When the state turned away: Sarah's story

With all the rhetoric around domestic violence and women and children it’s hard to believe that even today when women experience hardship and reach out to the state for support, they are still judged and punished by the very agency that is designed to help them. Sarah’s story, as documented by Therese Luxton, is one of heartbreaking struggle for her family’s survival through domestic abuse and poverty, and the mistreatment she endured by welfare system staff.

Sarah* had a responsible job that paid well. She was young and fun around kids. She looked after old people, babies and people who were struggling, giving new depth and meaning to the word ‘generous’. Her time, her energy, her money and her love were shared freely with those she came in contact with. And then, Sarah fell in love.

She brought all the above attributes, her exemplary work ethic and endless optimism to her marriage. For a while it was idyllic, until she realised that the person she had chosen to share her life and have children with had extreme mental well-being issues. Slowly but surely her partner became more irrational and more and more angry. Eventually they lost most of the property and houses they had put all their energy and savings into.

When Sarah was pregnant for the second time, and had a toddler, the family moved into a notoriously dangerous caravan park out of desperation. Sarah eventually returned to work while her partner looked after their child. During this time he resorted more and more to drugs and domestic violence to cope and make sense of his world.

Somehow they managed to buy a small piece of land in the back blocks of beyond. But Sarah was isolated in a structure that was little more than a shed with holes in the walls and ceilings, in the middle of the bush. There was no cladding, just builders paper and framing. There was no running water, no power, no toilet, no electricity and absolutely no phone service. To have a shower she had to walk to a creek and fill a solar water bag. It was a life more reminiscent of an Appalachian nightmare than a nuclear family in a God’s Own. Still, Sarah was subjected to constant emotional  and mental abuse, extreme hardship, and humiliation.

She lived in a fog while trying to survive daily life and provide her children with the very best she could offer under the circumstances. On the day the degradation and hurt went too far, the fog lifted. Sarah realised for her sake and the sake of her children, she had to call it quits.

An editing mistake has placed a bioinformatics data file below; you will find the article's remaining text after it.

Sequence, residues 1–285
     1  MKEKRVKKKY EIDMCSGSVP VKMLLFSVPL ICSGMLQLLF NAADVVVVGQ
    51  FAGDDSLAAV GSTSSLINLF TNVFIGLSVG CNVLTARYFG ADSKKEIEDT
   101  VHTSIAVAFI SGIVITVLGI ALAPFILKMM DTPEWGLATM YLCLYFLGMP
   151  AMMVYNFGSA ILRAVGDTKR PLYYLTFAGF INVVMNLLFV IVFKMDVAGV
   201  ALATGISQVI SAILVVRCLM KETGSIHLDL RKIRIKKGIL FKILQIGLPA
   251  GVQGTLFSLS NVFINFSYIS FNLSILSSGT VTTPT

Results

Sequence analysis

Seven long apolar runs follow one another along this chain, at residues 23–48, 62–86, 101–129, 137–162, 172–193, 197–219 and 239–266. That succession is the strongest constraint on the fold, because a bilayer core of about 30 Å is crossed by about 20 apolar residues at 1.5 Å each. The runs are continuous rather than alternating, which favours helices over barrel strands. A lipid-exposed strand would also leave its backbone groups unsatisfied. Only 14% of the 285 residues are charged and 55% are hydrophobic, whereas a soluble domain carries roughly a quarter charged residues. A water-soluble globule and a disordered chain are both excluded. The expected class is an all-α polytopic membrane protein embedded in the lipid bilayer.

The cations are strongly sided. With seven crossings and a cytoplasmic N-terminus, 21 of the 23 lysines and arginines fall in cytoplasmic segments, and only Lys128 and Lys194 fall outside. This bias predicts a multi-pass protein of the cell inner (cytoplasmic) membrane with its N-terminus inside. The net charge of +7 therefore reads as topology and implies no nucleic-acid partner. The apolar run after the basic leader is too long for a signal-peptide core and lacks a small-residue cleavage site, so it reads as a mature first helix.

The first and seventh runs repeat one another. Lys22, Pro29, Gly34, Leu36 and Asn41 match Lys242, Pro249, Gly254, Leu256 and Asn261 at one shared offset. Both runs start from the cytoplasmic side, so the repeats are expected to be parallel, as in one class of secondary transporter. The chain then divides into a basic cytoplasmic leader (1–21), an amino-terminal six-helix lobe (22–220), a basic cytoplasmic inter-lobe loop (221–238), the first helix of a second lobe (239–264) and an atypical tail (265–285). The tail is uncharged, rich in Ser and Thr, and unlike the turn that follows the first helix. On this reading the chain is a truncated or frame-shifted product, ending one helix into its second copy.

Initially, when she approached Work and Income, Sarah had a humane case manager, who - while not knowing all Sarah’s circumstances - was extremely helpful and supportive, encouraging her to establish a safer environment. The case manager also helped Sarah access state assistance, which partially alleviated some of the extreme poverty she and her children had found themselves in.

Her income was meagre even though she had an Accommodation Supplement, so Sarah worked out a financial plan. She was paying for the mortgage, LPG gas, petrol for the car and generator, insurance for house contents, as well as car repairs from her benefit. However to survive, she had to charge food, extra petrol and other essentials to her credit card.

Unfortunately her case manager left and was replaced by a person who seemed obviously despising of the people she was supposedly helping.

Sarah worked and acted on a  plan to manage her separation.  She re-mortgaged her property to clear her credit card debt, install a toilet and make some necessary safety alterations. When she advised Work and Income  of this,  the new case manager immediately rescinded her Accommodation Supplement.

It was like a scene straight out of I Daniel Blake, but it was Sarah’s reality. This case manager epitomised rigidity and harshness. She was unreasonable, unfeeling and judgmental. Sarah described her as, “cold as a fish, a person who was obviously miserable in her job and could not wait to retire.” Despite the explanations Sarah offered about her circumstances she was repeatedly told, “You just can’t do that.”

Despite all the deprivation and lack of support, Sarah ensured that her children survived. She now has a job and her children have gone on to get tertiary qualifications. They, like their mother, have many altruistic attributes, and all three of them give to their communities, yet they still bear the internal scars of what happened. As Sarah noted acerbically, “They all pay taxes.” 

Inexplicably women are encouraged to and supported while leaving these situations, and yet, in the aftermath, when the really hard work begins they are forgotten and expected to rebuild on their own from nothing. A local social work agency had actually visited Sarah to do an assessment. It concluded that her  situation was not dire enough to procure any support.

This still happens in our country. While Sarah's situation occurred in years past, the culture in the welfare department remains consistent today. Benefit advocates tell of the atrocious treatment of Work and Income clients they have witnessed first hand. This has been going on since Roger Douglas and Ruth Richardson let the dogs of neoliberalism loose and will continue to happen indefinitely because we live in a land where these feral beasts still rule.

How many other Sarahs are there still out there? Living in ordinary suburbs, facing third world housing conditions, domestic violence and being further victimised by the uncompassionate handmaidens of the Ministry of Social Development.

*To protect the privacy of certain individuals the names and identifying details have been changed.